In today's culture, there's the looming idea that more needs to be done to prevent future cyberattacks appears to be a growing thought not only in the back of government minds but for the general public.
Ever since the idea of Russian interference during the 2016 presidential election cycle, cybersecurity protection from foreign entities has been at the forefront of many conversations of cybersecurity departments and the U.S. Department of Justice who indicted several Russian intelligence operatives for hacking activities.
The idea of disrupting western powers at the hands of Russian operatives is a continued subject among many. In fact, the indictments of Russian operatives have furthered the talks to implement a global alliance to fend off cyberattacks, many of which may come from Russia. An attempted attack on the Organization for the Prohibition of Chemical Weapons was one of many cases of further investigations as to if such threat attacks warrant an alliance to end or at least slow cyberattacks.
Global efforts to thwart cyberattacks could be the best efforts
A global alliance would be necessary to group the efforts of many countries in a war against cyberattacks, which could ultimately undermine weak infrastructures that hackers target. Such infrastructures could be those belonging to power plant facilities, power grids, massive networks that are essential for healthcare, or as we allege, attack election systems.
The crazy part about cyberattacks, even though a large portion of them come from Russian sources, is that some have could from other areas of the world. The areas of which most cyberattacks are initiated come from China, Turkey, Brazil, Russian, and even here in the United States. Interestingly, the previously-mentioned countries make up the top 5 countries where cyberattacks originate, according to SecurityToday.com.
The types of cyberattacks that warrant a global effort to fend off attacks from countries like Russia and others within the top 5 list of countries that are suspect include Advanced Persistent Threats (APTs), Phishing attacks, DDoS (Distributed Denial of Service) attacks, Ransomware attacks like GandCrab, and aggressive malware attacks like the V9 Redirect Virus.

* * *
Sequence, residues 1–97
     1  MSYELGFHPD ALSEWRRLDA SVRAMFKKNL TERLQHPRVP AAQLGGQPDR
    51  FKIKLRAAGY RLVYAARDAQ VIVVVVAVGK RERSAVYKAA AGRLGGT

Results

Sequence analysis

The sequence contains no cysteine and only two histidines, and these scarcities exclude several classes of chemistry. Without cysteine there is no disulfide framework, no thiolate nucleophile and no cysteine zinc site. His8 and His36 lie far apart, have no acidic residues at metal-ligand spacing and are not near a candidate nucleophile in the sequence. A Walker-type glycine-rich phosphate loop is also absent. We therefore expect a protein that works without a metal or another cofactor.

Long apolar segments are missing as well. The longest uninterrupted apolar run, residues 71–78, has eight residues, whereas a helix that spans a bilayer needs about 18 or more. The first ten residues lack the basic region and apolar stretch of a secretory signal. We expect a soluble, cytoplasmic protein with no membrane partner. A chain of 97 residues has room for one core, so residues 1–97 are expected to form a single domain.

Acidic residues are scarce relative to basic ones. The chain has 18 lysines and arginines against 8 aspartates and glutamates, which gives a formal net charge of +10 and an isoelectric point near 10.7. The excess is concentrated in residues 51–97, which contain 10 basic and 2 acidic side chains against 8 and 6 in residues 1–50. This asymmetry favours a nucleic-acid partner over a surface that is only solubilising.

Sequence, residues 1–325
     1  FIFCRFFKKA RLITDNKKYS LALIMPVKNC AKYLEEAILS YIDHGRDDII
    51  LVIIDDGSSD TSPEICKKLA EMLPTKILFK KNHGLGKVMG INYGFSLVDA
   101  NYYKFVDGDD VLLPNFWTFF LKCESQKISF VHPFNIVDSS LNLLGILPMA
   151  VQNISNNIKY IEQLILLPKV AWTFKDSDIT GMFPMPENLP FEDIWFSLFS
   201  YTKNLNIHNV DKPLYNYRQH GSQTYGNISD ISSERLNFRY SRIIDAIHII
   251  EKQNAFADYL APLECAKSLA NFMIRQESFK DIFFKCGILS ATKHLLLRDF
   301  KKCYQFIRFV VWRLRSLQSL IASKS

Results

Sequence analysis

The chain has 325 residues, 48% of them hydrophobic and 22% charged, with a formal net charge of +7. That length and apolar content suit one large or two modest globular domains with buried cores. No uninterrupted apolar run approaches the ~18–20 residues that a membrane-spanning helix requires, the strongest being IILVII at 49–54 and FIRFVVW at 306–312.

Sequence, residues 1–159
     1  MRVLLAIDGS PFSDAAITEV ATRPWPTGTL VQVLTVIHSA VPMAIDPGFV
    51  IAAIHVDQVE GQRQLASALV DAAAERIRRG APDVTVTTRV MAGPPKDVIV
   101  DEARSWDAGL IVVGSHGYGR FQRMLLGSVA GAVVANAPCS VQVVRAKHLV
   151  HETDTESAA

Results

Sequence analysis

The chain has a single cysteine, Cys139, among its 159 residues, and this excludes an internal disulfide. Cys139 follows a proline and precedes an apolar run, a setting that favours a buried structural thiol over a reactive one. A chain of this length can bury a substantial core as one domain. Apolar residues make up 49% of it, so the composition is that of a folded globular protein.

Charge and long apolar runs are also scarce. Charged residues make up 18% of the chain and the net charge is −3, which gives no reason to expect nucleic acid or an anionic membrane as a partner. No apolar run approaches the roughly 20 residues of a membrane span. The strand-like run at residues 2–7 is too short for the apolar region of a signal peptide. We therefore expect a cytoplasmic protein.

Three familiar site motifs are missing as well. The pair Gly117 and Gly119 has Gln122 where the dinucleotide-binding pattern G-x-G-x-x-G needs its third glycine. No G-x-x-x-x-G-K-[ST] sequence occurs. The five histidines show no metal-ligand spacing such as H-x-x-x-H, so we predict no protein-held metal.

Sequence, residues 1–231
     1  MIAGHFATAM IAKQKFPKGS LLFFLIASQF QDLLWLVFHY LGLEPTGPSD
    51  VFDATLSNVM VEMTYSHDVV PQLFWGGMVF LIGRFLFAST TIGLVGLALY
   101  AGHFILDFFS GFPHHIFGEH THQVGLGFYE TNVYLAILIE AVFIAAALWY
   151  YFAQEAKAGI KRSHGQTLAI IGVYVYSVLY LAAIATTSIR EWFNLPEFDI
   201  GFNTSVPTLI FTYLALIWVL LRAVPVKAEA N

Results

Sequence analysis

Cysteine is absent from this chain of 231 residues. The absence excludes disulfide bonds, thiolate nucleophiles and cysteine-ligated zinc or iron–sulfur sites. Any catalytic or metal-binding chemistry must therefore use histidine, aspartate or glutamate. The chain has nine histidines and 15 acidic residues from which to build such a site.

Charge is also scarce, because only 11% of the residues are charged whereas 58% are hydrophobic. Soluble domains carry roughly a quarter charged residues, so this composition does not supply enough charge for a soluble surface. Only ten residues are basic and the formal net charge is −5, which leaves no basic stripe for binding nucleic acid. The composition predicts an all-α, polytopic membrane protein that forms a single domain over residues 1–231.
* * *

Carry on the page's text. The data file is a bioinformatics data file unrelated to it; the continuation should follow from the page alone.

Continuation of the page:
As cyberattacks become more common and sophisticated, they tend to be more destructive and we see many cases of such taking place in attacks that have taken place in just the past few months. By allying on a global scale, allies and even those of NATO, which is a primary target for attack, would build strong defenses in a collective effort where information may be shared and learned to fend off highly sophisticated attacks. Cyberattacks are evolving at a fast pace and the more information that we can all share and implement for better crisis management and cooperative security the better we are to prevent the fall out from yet another massive cyberattack.
Cyber education is one of many areas that can be at the forefront of fending off future cyberattacks. If we're educated on the type of attacks to look out for and at the same time actively implement protective measures in a proactive method, we could gain a slight advantage over hackers. However, right now, hackers appear to have an edge and are willing to take aim at vulnerable targets that have failed to join the forces of others to come up with the proper strategies to fend off attacks, which could be easily learned from other countries or sources in a global alliance.
Should the U.S. join forces with other intelligence agencies, cybersecurity outfits, and foreign law enforcement agencies to form a cybersecurity alliance to move towards better cybersecurity protection?